Underground Church Business Meetings–and God Shows Up

Try to imagine the church business meetings that made this happen.  During the early 1800s, the network of churches and individuals helping those escaping slavery was known as the Underground Railroad.  My congregation, Plymouth Church, Brooklyn, was “the Grand Central Depot of the Underground Railroad.”  We give tours of the church basement where runaway slaves hid.  The guides turn out the lights and tell visitors to “imagine hiding in the dark, hearing someone coming down those stairs, and praying they can’t hear your heart pound.”

As far as I know, none of our tour guides tell visitors to “imagine the church business meeting where they argued about whether to help these people,” but the business meeting is equally amazing and easier to imagine.

“Why can’t the church stay out of politics?  This is a partisan issue.  We want people from both sides of the aisle to feel welcome in our congregation.  Some of our biggest givers aren’t going to like this.”

“How do we know the people we’re helping aren’t dangerous?  They could harm somebody.  What if one of our girls gets hurt?  Who wants to be responsible for that?”

“What’s the vetting process?  Normal vetting isn’t enough.  We need extreme vetting.”

“Churches shouldn’t be breaking the law.  Our ministers need to set a good example.  If people want to change the situation, they can write letters to Congress.  There’s another election in four years.”

“Don’t we have enough to do taking care of ourselves?  We have a stove that needs repairing and a sidewalk that’s a lawsuit waiting to happen.  Why don’t we focus on those things?”

At some point in a long contentious meeting, someone pointed out that Jesus and many of his followers were executed by the government.  The leaders of the first church were in and out of jail.  The early Christians believed that God’s people have promised to do more than stay out of trouble.

The church business meeting where a congregation decides to take risks to help someone other than themselves is about as close as we get to proof of the existence of God.

Churches across the United States are having difficult conversations.  Many are part of what they are calling the New Underground Railroad.

Recent executive orders on immigration and two Department of Homeland Security memos move past earlier guidelines to focus only on criminals for deportation, and instead put undocumented immigrants at risk of deportation for something as minor as a traffic ticket.  We are being asked to ignore the fact that immigrants are statistically much less likely to commit crimes than native-born Americans.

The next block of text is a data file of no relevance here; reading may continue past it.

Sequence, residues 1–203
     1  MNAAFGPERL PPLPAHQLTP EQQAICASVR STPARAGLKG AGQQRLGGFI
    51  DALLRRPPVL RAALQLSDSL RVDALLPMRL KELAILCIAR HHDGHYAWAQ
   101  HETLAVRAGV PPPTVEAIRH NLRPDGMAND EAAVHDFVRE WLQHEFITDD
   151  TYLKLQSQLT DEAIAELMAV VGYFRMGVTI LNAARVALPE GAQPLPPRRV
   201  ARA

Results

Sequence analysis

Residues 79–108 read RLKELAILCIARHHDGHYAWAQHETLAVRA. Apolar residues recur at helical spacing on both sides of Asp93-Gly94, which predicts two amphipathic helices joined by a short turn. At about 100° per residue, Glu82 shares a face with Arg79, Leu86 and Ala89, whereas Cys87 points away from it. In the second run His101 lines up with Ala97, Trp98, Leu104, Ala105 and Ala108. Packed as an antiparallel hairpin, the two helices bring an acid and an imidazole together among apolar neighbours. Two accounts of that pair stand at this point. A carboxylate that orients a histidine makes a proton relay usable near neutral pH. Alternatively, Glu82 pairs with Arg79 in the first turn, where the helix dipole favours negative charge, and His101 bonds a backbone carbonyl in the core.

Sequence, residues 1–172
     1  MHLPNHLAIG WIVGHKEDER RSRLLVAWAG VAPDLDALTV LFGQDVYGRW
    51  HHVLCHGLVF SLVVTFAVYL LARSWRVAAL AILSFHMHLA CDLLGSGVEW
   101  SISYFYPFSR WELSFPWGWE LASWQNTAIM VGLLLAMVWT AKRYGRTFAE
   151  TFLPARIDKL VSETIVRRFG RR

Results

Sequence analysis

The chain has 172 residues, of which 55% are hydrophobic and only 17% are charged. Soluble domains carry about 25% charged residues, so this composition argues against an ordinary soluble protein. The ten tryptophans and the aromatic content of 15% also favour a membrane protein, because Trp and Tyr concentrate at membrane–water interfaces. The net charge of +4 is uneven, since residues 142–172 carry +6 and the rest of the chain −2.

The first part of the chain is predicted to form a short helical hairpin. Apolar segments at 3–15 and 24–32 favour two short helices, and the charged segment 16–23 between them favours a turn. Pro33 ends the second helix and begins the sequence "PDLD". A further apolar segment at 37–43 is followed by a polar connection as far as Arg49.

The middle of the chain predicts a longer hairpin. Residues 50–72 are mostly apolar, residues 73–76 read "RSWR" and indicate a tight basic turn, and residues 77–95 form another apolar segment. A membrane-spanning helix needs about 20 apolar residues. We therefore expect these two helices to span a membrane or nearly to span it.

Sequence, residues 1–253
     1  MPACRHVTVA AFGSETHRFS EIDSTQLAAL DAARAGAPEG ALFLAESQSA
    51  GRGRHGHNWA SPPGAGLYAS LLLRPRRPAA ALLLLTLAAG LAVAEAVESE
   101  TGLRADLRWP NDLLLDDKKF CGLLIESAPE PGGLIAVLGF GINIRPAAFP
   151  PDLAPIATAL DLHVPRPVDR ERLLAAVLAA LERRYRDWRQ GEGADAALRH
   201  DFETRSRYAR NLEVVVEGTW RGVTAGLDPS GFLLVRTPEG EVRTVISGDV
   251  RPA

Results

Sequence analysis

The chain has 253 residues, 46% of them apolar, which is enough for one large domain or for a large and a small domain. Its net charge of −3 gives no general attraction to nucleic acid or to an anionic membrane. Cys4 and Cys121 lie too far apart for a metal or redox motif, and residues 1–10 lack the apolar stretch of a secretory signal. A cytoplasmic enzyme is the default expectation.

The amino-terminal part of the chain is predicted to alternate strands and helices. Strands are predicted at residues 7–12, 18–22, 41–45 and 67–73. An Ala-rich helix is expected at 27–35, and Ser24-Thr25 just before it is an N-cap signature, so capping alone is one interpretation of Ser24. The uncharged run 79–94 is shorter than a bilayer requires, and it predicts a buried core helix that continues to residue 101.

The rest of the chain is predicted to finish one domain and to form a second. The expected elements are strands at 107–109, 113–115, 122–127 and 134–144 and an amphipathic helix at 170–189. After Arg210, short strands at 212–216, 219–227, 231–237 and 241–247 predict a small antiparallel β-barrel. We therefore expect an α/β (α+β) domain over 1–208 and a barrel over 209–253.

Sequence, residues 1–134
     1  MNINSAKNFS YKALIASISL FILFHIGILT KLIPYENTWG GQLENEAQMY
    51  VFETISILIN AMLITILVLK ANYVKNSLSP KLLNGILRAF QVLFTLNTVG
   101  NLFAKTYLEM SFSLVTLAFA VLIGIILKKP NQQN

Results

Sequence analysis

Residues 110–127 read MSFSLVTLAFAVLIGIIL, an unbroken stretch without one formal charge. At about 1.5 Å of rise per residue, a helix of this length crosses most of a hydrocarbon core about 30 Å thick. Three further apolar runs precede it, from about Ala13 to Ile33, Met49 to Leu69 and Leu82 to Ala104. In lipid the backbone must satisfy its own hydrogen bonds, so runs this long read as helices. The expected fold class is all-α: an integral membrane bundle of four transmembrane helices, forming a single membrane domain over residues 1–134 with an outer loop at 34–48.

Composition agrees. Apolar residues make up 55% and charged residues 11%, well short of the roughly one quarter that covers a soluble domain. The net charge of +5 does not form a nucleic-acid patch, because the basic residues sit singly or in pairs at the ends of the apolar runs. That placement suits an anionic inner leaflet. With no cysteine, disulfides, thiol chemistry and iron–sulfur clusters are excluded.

The present administration’s ramping up deportations raises new questions, but the immigration system has not been compassionate or effective for a long time.  We break families apart and penalize the kind of people we most need in our country.  Since 1995 the United States has allowed 5,000 visas per year for unskilled workers—and a guest worker program of about 200,000.  But for years this country has imported most of its agricultural workers, so twelve million people work in the shadows.  Ninety percent of undocumented men are working, because our country needs their labor.

People who do not think of themselves as political, but take their faith seriously, feel compelled to do something.  Churches are resisting the deportation of undocumented immigrants.  They believe that the Jewish tradition compels us to practice hospitality to the foreigner.  They recognize that the Gospels are clear about the Christian requirement to care for the outsider.  Jesus warns those who pretend to follow, “I was a stranger and you did not welcome me.”

The Sanctuary Movement includes more than 800 courageous congregations that have committed to protecting immigrants.  They pledge to pray, educate, and give money.  Churches have formed study groups that are looking for thoughtful, courageous ways to follow Christ’s instructions.  Churches are preparing to use private homes as part of a modern-day underground railroad to move undocumented immigrant families to Canada.

Churches are having business meetings and God is showing up.

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Dear President Trump, You could make things a lot easier for preachers

Dear President Trump: